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Cyber security: Are you prepared?

Tom Mullen, O2’s Head of cyber security, considers what steps organisations should take to ensure they are prepared for when a cyber attack happens

In my previous posts we have considered the role that your employees play in cyber security, how to recruit effectively, and also how to ensure that your IT Team is fit for purpose. We need to recognise, however, that cyber attacks are becoming more frequent and sophisticated, and your organisation’s threat, intelligence and response teams need to be ready to roll out at a moment’s notice. The UK government’s own 2018 Cyber Security Breaches Survey makes worrying reading, with 65% of medium and large businesses identifying cyber security breaches in the last 12 months.

Of more concern is that just 28% of all businesses have any sort of incident response or business continuity plan in place. So what does being prepared mean in practice? Here are five things to consider.

  1. Have an Incident response plan

Do you have an incident response plan in place? If you were attacked overnight tonight are you confident that your people would know what action is required to take control of the situation? You need a detailed, step by step plan detailing who is responsible for each step:

  • Who will make the decision to shut down critical systems until the danger has passed?
  • Who will make sure that every employee is aware of what is going on and takes the appropriate action? What about remote and field workers?
  • How will you communicate any service outage to customers and the wider public? Do you have appropriate PR effort ready for such a situation?
  • Who will bring backup systems and processes on line?
  • Who do you have to notify, ICO, OFCOM or other regulatory bodies?

There is no room for ambiguity here. Your incident response plan should detail what will be done and by whom, ensuring that every conceivable situation is catered for with as simple a process as possible.

  1. Implement ways to communicate effectively

I’ve mentioned in previous posts that I don’t believe that email is an effective communication tool for delivering urgent security messages. It doesn’t matter how many red flags you attach, or how much bold or capitalised text you use, emails just don’t get opened quickly enough.

At O2 we use a number of applications to distribute security messages around the organisation quickly. For example, we raise awareness of current threats using a collaboration and communication app called WorkPlace. How you communicate is only part of the story. With a cyber attack or security breach you also need to establish straight away who needs to be informed. A fully prepared organisation has a list of who needs to be notified, in order of priority, ready and waiting. This will start with your customers but will also include your management team, employees, as well as the wider business community that might be affected.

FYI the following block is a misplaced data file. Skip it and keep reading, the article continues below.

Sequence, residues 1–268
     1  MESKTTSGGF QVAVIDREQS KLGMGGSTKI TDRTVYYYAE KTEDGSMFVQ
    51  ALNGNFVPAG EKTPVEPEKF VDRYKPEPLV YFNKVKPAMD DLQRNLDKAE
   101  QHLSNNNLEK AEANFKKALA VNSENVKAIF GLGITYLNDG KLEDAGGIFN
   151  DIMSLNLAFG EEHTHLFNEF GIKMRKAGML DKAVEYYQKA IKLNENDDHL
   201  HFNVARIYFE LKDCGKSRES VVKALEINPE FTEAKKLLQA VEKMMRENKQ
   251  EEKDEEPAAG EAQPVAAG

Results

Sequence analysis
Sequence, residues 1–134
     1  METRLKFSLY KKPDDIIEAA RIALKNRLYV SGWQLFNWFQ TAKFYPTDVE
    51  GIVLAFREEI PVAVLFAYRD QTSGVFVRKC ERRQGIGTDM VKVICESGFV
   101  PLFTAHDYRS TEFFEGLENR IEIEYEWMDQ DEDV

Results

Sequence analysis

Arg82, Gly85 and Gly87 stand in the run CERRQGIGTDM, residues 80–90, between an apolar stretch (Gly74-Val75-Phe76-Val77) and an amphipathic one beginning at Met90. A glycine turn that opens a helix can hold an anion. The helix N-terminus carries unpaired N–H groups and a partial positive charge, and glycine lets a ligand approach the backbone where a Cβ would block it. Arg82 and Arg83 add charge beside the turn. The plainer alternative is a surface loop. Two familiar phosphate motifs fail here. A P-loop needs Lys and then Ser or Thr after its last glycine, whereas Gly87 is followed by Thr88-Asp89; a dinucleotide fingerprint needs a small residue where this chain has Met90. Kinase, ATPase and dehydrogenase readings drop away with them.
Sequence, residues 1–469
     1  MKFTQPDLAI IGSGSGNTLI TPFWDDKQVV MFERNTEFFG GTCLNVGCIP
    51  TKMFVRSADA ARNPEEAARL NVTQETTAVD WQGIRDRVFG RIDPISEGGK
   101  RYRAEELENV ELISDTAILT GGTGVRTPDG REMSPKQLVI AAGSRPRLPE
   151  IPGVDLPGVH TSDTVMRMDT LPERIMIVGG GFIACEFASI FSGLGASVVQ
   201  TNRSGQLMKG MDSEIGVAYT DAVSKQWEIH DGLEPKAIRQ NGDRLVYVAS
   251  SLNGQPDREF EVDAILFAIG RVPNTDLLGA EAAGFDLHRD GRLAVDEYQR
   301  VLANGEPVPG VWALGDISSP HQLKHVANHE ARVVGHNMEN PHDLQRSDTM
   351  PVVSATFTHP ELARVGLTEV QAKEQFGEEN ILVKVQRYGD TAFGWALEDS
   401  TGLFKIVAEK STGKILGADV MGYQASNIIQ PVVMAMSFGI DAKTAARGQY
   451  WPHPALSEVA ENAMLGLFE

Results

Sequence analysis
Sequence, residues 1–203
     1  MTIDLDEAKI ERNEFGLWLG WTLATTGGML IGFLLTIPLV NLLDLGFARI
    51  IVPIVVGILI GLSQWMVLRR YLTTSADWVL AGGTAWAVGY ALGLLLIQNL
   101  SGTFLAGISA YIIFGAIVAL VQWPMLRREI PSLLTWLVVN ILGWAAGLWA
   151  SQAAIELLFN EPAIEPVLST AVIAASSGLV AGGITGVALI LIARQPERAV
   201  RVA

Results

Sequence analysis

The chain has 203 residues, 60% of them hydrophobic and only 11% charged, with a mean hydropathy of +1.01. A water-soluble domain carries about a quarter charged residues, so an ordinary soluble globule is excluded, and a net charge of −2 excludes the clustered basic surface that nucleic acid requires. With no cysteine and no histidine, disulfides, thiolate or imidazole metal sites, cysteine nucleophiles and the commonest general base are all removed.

Timing is critical, and your PR team should be actively monitoring your social media channels for early warning of a problem. Spreading the word once an issue has been resolved is just as important. Your productivity losses, missed sales and bad publicity will be minimised if you have a plan in place to keep people informed and updated with what you are doing to resolve a problem.

  1. Practise what you will do in the event of a cyber attack

These days cyber attack drills are as straightforward to undertake as fire drills. A drill will identify areas where your team needs additional training, and will expose weaknesses in your security that can be strengthened. There are a number of software applications available that will simulate a cyber attack convincingly, allowing your IT and security experts to roll out the response plan you have put in place. It’s a lot safer to identify gaps in your plan as part of a practice drill than to wait for the real thing.

There are other fundamental procedures that need regular testing and practice. For example, I have worked with several organisations who performed regular, comprehensive backups of data and applications, yet seldom tested them to make sure they had completed successfully, or practised how they would use them to restore operations in the event of an attack.

  1. Stay up to date

The strategies employed by cyber attackers evolve constantly, and you have a responsibility to ensure that your security people stay abreast of new trends and vulnerabilities. The National Cyber Security Centre (NCSC) publishes regular, up to date advice and information on malicious cyber activity available to all. They have also published a report on the cyber threat to UK business, which you can access here. If you understand the types of attack you are likely to face you will be better prepared to take the appropriate corrective action.

  1. Consider outsourcing cybersecurity

At O2, we help organisations with their security needs. As part of the Telefónica Group, we’re at the forefront of cybersecurity research and development and we are supported by a global security network. Our Cyber Security services start with CAS(T) accredited networks, as well as solutions from leading security vendors that we can package in to managed services, providing you with bespoke insight and minimising the risk from cyber threats. We help you to:

  • understand the risks and threats that are specific to your organisation
  • Identify who might want to harm your organisation and why
  • Establish the most likely ways your security might be attacked

So how prepared are you? You can find out more about ways we can help here.  



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